Financial institutions carry out various transactions with each other, including risk-sharing and insurance. The architecture of the network of transactions between institutions can support financial stability because it enables them to share funding or transfer risk. But these linkages can also facilitate the diffusion of shocks through the system, due to chains of default and the domino effect. This is referred to as systemic risk. Systemic risk is costly for individuals, institutions and economies, as demonstrated by the last financial crisis (of 2008). The obvious need for a stable financial system has led to a significant interest in policies that could reduce systemic risk and mitigate contagion.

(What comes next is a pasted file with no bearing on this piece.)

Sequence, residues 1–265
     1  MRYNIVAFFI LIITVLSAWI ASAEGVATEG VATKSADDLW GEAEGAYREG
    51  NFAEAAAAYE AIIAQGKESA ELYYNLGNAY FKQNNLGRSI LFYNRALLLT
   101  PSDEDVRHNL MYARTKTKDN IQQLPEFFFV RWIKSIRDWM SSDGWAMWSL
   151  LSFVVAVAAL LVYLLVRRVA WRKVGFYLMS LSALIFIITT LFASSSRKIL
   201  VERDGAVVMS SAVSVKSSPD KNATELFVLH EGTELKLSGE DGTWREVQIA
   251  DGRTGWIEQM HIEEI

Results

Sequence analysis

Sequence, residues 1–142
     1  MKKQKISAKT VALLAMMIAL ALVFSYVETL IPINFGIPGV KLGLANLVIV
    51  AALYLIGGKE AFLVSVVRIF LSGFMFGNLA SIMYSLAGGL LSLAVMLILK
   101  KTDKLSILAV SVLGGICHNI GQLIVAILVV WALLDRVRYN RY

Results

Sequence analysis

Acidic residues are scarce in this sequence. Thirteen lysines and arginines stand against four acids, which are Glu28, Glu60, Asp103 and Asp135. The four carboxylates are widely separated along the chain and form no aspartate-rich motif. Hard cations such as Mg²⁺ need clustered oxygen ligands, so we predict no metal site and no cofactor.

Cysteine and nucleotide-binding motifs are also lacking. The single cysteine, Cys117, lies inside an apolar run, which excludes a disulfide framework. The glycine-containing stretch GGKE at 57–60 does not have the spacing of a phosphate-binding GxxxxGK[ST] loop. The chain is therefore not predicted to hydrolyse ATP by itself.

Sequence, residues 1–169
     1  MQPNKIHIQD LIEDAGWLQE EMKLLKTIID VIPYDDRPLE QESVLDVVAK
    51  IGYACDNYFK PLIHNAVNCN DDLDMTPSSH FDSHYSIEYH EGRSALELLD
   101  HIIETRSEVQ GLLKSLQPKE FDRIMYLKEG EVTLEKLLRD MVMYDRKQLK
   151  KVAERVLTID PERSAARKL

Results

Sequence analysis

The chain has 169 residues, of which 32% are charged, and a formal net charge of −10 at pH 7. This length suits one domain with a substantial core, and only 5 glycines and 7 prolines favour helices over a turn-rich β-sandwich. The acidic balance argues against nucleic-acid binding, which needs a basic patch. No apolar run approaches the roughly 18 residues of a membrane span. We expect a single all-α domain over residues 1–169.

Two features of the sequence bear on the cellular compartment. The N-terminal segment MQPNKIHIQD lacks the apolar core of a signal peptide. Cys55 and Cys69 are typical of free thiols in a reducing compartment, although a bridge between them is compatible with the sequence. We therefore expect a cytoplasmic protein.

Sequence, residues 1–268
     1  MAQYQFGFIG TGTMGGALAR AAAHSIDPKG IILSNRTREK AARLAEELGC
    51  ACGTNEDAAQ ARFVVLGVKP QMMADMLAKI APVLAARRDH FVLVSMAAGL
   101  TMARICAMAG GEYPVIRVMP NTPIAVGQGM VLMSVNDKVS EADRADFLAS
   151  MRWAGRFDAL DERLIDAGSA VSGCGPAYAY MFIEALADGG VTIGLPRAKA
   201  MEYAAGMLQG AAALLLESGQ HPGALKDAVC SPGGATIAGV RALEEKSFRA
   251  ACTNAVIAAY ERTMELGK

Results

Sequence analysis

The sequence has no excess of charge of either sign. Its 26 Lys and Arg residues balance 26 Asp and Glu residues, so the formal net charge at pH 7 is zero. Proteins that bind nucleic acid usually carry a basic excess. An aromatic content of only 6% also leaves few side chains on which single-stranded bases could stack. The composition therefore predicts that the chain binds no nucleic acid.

This paper investigates a model of strategic interactions in financial networks, where the decision by one agent on whether or not to default impacts the incentives of other agents to escape default. Agents’ payoffs are determined by the clearing mechanism introduced in the seminal contribution of Eisenberg and Noe (2001). We first show the existence of a Nash equilibrium of this default game. Next, we develop an algorithm to find all Nash equilibria that relies on the financial network structure. From a policy perspective, given that inefficient coordination on a bad Nash equilibrium might pose a severe economic problem, there is a need for financial institutions fostering efficient coordination of agents’ decisions. Recently, central clearing has become the cornerstone of policy reform in financial markets since it limits the scope of default contagion. Our analysis shows that introducing a central clearing counterparty (CCP) also allows agents to coordinate on the efficient equilibrium at no additional cost. As a consequence, our result reinforces the key role central clearing counterparty (CCP) plays in stabilising financial markets.
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